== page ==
Fire Up The Chainsaw for Better Whitetail Habitat
Food plots are all the rage these days, but if you really want to make deer happy, cut some trees....
Food plots are all the rage these days, but if you really want to make deer happy, cut some trees. Recent studies show that 41 percent of a whitetail’s diet consists of browse, which is gleaned largely from young trees that sprout up following logging operations, or natural events, like fire, windstorms, or tornados. Also, deer seek out second-growth cover for bedding and security cover.
In short, young trees equal prime whitetail habitat, and I spent the better part of my March spare time working on a small clearcut in the woods behind my house. My neighbor owns the property and lets me hunt there. We didn’t fire up chainsaws and just start randomly whacking trees. We focused our effort on a rugged ditch where a mature stand of aspen (we call them “popple” here in the Midwest) grew, along with a smattering of other species.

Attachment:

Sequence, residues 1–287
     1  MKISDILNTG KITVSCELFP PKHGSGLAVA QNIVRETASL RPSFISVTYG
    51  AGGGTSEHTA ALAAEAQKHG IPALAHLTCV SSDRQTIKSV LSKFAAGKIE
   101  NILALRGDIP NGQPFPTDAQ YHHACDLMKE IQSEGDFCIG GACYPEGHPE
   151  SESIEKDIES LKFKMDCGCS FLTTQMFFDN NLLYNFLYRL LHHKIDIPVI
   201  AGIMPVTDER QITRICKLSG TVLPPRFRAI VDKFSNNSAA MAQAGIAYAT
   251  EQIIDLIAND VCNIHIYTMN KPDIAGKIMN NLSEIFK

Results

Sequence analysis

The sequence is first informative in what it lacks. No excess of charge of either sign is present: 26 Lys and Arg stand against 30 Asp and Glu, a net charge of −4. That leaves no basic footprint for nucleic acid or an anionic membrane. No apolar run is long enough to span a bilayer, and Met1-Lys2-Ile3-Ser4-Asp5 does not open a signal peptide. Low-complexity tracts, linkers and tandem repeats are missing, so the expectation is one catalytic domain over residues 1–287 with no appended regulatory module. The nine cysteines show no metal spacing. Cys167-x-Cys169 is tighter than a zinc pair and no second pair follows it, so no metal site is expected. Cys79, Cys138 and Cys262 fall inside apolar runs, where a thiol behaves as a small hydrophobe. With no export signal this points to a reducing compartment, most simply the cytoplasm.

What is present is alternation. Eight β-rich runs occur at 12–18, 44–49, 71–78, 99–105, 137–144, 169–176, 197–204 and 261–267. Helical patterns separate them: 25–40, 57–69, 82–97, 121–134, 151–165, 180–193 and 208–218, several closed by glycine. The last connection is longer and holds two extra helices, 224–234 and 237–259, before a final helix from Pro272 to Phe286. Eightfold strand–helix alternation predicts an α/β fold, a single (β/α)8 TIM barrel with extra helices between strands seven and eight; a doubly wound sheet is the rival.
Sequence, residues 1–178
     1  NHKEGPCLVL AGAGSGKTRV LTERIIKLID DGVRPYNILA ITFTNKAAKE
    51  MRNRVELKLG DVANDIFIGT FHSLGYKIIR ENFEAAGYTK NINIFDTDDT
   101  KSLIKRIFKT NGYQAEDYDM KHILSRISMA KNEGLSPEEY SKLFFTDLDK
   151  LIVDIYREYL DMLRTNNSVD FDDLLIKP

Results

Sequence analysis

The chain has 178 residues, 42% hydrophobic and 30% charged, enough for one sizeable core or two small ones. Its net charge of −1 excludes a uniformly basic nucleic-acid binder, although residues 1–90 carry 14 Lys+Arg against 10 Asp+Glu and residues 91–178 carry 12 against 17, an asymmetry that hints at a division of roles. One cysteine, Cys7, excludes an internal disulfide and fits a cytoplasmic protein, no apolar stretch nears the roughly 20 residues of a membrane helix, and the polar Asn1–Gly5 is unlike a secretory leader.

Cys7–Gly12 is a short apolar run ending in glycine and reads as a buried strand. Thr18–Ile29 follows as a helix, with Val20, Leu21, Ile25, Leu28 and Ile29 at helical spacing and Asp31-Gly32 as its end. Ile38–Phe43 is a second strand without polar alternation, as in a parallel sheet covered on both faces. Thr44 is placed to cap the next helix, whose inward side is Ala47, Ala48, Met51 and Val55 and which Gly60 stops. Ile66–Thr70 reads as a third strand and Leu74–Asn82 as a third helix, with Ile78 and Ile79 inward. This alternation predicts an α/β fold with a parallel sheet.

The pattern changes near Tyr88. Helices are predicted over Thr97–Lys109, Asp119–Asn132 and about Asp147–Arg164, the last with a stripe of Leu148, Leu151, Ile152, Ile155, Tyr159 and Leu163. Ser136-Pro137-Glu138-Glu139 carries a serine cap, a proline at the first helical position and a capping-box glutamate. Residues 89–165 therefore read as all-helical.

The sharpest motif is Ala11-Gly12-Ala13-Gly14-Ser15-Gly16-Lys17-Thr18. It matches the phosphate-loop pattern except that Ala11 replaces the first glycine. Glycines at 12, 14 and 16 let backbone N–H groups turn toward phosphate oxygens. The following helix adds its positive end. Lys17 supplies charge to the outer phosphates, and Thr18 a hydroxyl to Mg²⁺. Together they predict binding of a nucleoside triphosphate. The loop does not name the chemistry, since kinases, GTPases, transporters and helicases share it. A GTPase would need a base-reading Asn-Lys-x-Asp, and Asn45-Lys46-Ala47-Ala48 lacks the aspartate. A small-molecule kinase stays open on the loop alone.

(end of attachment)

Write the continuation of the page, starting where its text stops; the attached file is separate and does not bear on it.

My friend, hunting buddy, and professional logger, Tom, served as our advisor-by-phone. He told us to drop the popples and any other low-value trees, sparing only potentially-valuable or beneficial-to-wildlife species. I’ve seen enough of Tom’s work to know things were going to look messy when we were done, and the photo above serves as evidence.
But as hunters know, deer detest parks. By the end of summer, I’m predicting the jackstraw appearance of our chainsaw work is going to resemble the photo below.
This is another clearcut which was completed about one year ago. I shot this picture just before hunting season. The popple stems here are over 6 feet tall–and there was plenty of deer sign.